vendredi 14 octobre 2011

MegaCruiser vs Hummer H1

MegaCruiser
The Toyota Mega Cruiser is a large, heavy-duty sport utility vehicle introduced by Toyota in 1995. The largest SUV ever built by Toyota, it resembled the Hummer H1, and like the Hummer, was designed primarily for military use with the Mega Cruiser seeing duty (as the HMV) as infantry transports equipped with mounted howitzers and mobile Surface-to-air missiles in the Japan Self Defense Forces. The civilian version is known as a BXD20 and the military version as the BXD10.

Exclusively sold in Japan, the Mega Cruiser also was used by prefectural police and fire/rescue departments, although a limited number were sold to civilians. This vehicle was intended to test designs that would eventually make their way into mass produced Toyota SUVs (like the Land Cruiser), but was financially unsuccessful for Toyota.
The Mega Cruiser featured a 4.1 L turbodiesel I4 engine. The engine focused on producing high amounts of torque at low revs. The SUV featured front, center, and rear differentials, as well as four wheel steering.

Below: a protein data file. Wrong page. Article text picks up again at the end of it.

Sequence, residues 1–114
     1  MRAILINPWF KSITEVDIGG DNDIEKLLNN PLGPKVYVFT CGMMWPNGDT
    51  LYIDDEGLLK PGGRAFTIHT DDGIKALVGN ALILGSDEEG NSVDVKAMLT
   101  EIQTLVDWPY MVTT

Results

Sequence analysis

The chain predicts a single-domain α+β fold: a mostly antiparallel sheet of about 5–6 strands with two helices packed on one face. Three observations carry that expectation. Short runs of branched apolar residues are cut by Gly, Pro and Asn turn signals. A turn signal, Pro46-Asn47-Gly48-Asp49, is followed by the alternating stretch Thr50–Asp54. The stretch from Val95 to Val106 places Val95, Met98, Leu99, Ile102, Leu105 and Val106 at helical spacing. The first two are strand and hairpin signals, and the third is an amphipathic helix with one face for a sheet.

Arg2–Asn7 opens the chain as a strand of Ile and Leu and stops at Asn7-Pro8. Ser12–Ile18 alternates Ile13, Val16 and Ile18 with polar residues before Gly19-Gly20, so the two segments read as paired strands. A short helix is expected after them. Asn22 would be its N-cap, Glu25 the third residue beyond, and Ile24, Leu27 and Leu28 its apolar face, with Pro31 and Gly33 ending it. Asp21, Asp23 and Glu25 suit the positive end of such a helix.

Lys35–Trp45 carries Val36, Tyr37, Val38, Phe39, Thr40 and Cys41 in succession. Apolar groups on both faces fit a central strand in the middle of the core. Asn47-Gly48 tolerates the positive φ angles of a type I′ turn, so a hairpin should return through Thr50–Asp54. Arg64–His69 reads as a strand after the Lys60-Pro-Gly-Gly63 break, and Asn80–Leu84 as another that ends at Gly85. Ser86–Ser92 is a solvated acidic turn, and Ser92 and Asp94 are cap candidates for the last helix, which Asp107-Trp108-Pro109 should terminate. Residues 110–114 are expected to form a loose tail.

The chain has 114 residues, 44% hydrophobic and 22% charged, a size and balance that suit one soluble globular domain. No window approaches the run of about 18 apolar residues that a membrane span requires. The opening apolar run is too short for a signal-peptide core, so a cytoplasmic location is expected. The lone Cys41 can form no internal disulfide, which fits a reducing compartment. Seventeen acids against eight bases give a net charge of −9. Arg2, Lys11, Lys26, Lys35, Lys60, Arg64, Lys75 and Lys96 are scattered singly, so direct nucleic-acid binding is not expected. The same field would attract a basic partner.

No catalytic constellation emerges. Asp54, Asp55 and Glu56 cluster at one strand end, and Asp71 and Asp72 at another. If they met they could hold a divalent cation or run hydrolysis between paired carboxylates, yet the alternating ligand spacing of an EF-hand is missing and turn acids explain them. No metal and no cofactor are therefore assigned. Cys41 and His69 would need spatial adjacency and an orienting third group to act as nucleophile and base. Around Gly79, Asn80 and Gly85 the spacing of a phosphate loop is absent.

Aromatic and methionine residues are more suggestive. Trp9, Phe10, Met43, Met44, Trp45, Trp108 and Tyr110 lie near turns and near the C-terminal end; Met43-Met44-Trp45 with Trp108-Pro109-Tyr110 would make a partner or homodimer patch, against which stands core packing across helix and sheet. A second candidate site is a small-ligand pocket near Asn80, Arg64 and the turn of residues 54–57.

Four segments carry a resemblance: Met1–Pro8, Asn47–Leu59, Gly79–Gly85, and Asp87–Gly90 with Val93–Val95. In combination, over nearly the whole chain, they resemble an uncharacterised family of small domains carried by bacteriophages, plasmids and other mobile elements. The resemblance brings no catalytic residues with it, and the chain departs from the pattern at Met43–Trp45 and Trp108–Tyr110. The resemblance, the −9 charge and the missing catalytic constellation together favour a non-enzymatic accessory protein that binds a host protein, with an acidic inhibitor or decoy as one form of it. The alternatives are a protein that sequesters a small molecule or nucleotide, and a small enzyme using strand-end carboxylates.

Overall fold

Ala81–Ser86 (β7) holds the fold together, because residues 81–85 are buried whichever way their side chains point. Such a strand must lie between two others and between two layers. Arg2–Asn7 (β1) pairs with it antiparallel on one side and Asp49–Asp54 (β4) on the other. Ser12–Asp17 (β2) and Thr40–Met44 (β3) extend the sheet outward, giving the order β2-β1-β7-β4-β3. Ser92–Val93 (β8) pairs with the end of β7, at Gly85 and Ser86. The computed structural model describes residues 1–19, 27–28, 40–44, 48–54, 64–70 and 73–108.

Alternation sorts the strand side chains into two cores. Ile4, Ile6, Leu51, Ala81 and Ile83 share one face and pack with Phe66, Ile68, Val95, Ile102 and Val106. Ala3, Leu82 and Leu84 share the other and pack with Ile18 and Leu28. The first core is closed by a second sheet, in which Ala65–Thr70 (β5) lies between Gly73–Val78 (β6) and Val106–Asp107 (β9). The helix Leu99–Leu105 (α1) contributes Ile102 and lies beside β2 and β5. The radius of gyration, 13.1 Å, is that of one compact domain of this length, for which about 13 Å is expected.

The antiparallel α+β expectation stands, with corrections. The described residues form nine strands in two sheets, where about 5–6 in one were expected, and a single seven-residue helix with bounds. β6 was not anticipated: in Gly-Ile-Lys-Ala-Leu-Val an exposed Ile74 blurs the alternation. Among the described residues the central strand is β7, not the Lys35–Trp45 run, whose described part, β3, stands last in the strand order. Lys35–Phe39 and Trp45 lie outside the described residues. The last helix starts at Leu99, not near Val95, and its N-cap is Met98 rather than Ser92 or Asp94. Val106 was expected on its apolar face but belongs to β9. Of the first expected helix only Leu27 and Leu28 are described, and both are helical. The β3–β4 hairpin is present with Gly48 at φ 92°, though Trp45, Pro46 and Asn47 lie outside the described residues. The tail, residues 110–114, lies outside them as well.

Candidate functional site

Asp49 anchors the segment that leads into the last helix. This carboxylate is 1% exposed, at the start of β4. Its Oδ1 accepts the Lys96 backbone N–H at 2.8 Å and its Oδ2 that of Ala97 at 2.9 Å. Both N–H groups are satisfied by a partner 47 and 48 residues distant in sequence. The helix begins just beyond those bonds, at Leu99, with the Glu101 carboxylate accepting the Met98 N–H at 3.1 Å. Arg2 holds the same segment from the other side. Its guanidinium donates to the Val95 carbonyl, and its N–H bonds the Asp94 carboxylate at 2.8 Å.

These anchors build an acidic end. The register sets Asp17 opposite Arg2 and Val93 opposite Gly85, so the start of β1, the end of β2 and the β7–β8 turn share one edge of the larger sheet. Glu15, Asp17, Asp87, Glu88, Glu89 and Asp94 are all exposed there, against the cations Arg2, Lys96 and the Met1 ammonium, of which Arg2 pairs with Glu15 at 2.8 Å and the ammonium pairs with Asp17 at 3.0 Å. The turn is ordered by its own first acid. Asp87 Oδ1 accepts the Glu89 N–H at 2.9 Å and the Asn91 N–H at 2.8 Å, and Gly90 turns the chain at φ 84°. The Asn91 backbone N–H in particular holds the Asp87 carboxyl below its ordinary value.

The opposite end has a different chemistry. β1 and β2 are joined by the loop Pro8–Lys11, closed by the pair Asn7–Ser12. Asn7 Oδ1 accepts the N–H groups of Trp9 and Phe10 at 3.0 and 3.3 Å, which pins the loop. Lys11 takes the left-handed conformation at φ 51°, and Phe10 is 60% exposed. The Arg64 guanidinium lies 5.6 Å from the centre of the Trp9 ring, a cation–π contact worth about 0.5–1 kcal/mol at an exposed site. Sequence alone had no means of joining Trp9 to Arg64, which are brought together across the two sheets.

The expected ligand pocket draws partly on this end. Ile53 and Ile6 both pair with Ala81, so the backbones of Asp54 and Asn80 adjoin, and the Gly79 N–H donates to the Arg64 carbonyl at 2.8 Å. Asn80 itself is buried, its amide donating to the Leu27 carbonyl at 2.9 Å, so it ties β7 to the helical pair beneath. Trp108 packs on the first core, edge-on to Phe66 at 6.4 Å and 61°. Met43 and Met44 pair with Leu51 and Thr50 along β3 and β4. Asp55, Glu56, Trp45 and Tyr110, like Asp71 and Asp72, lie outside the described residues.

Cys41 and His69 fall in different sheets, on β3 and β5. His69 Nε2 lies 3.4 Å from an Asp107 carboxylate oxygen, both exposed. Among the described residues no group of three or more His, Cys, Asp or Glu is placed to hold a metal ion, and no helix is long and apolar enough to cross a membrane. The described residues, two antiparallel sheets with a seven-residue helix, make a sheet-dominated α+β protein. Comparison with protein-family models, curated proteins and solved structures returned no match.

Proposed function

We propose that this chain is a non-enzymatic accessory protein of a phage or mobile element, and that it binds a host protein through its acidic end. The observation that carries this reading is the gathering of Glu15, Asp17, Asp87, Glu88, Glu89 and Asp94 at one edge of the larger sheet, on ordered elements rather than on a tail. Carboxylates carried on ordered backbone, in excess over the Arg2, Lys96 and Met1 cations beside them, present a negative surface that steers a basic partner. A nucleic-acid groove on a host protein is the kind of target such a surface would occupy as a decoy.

Hummer H1
The Hummer H1 is a civilian off-road vehicle based on the M998 Humvee, which was created by AM General. The vehicle was produced from 1992 through 2006, and was the first of what became the Hummer line. It was initially known only as the "Hummer"; however, in 1999 in a joint venture between General Motors and AM General, GM began marketing the Hummer H2, which was built on the Chevrolet Tahoe chassis. It was at this point that the original Hummer was given the H1 designation. For collectors, the most desirable model is the H1 Alpha, produced in the final model year of 2006. It had the most powerful engine and the best fuel mileage of the H1 vehicles. Overall, the H1 was a very limited production vehicle.

"Originally designed strictly for military use the four-wheel-drive utility vehicle was released to the civilian market due to popular demand. Boasting 16 inches (40 cm) of ground clearance as well as super-aggressive approach and departure angles, the Humvee could clamber over a 22-inch (56 cm) high obstacle, handle a 60 percent grade and wade through up to 30 inches (76 cm) of water."

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